Many Districts + Design Thinking Experts + Inspiring Space = Edge Effect

To shepherd the top Big Sleuth ideas into the design thinking process, we launched two days of incredible collaboration that perfectly illustrated the edge effect in action.

The first day was a design thinking training at the Flipgrid headquarters for our Innovate K-12 colleagues led by Les and Ariana from the Toronto-based Future Design School. Meeting offsite with innovative, optimistic leaders from other districts sparked of life that defines the edge effect. This kind of cross-district idea sharing is more rare than it should be, but it was a thriving ecotone for ideas! Laughter, collaboration and deep conversations were evidence of the edge effect in action.

The edge effect was even more tangible the next day when we returned to Flipgrid with White Bear students and staff to propel our Big Sleuth ideas through the first stages of the design thinking. Groups worked to better meet students’ mental health needs, to expand recess, build stronger relationships, rethink school start times and professional development and to add a washer and dryer to our ALC. Our common goal was to leave with a working prototype each group could test.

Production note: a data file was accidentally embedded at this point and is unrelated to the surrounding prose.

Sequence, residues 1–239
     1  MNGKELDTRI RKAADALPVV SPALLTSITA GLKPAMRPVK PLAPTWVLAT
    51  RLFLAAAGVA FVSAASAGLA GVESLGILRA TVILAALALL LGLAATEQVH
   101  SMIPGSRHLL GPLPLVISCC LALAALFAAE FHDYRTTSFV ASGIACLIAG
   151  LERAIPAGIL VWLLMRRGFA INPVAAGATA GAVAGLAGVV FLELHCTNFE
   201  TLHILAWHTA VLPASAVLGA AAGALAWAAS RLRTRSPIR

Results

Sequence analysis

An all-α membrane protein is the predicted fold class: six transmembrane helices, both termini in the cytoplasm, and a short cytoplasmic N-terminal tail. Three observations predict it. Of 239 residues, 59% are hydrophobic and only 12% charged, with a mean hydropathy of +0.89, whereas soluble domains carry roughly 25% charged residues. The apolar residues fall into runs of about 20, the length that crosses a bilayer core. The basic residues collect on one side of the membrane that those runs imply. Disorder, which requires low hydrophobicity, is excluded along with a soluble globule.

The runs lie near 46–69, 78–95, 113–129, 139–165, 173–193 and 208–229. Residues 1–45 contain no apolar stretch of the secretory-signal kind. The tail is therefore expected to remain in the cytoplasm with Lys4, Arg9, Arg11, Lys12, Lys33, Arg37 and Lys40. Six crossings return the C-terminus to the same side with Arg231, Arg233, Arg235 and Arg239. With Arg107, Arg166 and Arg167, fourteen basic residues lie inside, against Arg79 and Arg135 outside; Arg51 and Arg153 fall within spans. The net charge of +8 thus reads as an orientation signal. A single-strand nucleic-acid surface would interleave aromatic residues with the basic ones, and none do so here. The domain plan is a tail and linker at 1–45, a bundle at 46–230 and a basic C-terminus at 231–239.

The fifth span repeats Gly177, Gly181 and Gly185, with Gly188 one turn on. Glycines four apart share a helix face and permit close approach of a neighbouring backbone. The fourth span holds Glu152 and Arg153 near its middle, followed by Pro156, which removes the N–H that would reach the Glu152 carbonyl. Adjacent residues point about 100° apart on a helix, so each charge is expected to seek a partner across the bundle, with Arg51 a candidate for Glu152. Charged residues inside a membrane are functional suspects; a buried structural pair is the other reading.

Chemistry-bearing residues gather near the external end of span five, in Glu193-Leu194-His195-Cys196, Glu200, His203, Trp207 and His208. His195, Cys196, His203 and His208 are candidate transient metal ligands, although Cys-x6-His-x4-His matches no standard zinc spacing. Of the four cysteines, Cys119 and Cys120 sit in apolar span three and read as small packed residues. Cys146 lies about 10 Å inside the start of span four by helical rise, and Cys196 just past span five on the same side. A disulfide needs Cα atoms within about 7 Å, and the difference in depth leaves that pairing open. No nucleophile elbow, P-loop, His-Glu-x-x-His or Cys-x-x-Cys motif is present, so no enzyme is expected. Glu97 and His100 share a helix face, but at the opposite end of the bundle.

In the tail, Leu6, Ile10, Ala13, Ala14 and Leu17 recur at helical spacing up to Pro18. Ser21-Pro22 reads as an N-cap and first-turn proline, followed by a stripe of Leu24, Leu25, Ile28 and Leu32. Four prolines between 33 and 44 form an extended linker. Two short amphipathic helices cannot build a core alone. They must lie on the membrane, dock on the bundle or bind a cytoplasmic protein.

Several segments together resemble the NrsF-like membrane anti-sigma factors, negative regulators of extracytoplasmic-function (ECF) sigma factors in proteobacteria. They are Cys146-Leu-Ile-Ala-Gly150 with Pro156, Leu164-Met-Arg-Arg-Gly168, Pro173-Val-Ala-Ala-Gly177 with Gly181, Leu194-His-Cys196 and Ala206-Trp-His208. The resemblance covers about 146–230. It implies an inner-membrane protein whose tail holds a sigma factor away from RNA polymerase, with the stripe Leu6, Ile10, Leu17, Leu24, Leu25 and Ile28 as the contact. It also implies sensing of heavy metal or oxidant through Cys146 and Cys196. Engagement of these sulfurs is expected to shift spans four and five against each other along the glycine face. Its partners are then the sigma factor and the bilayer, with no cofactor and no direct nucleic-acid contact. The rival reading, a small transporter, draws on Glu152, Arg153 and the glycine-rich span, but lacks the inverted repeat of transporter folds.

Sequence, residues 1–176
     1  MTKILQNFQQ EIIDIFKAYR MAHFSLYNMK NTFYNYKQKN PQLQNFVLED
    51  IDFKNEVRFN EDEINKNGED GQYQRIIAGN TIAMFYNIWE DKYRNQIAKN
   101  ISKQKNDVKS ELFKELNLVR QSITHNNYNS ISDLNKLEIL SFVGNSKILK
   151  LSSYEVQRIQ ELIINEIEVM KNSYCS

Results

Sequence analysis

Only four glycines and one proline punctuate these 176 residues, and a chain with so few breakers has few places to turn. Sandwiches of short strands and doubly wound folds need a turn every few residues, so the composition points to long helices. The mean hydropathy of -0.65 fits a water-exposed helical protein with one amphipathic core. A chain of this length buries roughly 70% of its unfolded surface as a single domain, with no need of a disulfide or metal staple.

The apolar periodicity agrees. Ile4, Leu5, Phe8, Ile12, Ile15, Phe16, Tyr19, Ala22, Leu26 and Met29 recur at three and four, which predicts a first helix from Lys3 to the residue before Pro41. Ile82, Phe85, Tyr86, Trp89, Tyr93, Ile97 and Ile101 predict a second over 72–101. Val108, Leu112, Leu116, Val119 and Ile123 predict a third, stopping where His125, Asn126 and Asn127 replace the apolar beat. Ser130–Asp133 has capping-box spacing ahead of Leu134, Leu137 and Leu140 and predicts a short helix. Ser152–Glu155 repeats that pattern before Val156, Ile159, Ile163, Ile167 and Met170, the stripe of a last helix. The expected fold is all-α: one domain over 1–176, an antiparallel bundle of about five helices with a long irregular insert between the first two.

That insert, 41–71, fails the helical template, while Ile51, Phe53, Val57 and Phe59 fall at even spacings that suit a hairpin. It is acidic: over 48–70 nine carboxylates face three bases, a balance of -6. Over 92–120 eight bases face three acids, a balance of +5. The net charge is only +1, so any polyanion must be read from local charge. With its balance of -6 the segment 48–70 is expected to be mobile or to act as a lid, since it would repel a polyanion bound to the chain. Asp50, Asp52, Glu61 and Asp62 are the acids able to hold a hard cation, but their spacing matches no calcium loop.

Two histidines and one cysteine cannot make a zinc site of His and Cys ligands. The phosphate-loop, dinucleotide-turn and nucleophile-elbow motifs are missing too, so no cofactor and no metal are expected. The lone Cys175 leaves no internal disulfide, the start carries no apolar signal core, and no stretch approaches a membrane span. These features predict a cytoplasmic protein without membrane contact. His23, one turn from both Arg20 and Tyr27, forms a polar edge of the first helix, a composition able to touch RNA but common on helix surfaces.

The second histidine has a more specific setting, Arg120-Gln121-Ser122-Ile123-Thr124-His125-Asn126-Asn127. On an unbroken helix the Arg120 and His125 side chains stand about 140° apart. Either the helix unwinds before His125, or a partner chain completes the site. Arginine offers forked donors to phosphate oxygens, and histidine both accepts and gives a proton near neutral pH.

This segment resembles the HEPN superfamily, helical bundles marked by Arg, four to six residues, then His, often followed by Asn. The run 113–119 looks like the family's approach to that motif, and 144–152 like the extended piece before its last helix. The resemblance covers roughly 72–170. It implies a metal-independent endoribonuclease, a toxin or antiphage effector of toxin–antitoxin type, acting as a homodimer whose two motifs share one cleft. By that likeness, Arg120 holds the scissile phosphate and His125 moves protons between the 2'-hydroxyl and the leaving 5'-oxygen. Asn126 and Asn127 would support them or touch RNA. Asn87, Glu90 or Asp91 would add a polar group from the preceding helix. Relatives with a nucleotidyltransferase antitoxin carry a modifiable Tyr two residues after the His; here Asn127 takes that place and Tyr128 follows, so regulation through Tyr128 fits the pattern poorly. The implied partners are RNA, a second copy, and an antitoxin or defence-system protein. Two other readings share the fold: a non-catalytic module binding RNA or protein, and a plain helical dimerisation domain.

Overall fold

Big Ideas + Staff & Student Collaboration + Fun Atmosphere = Edge Effect

Photo  Charlie Miller  with annotation by  Jen Hegna

Photo Charlie Miller with annotation by Jen Hegna

Flipgrid is a collaboration goldmine with ample space, an array of seating options, a pingpong table, a foosball table and fridge full of soda and water. The space became our ecotone that inspired the edge effect that day. And what separated this Big Sleuth day from other design thinking sprints was that staff and student voices shared equal weight. Their prototypes were the result of joyful and productive collaboration between youth and adults.

Challenge: What Can one Educator Do?

It is exciting to see these partnerships flourish! David’s FMSC challenge, Amy Carney’s redesign, Matoska’s exhibition and The Big Sleuth are worth the effort. Every collaborative ecotone brings more voices and ideas to the table. Their momentum attracts more collaborators and more creative solutions.

For educators and students alike, these edge effect days are the memorable ones. The most fun ones. The ones we learn the most from and the ones that have the most wide-ranging impact. Let’s have more of them!

Originally posted at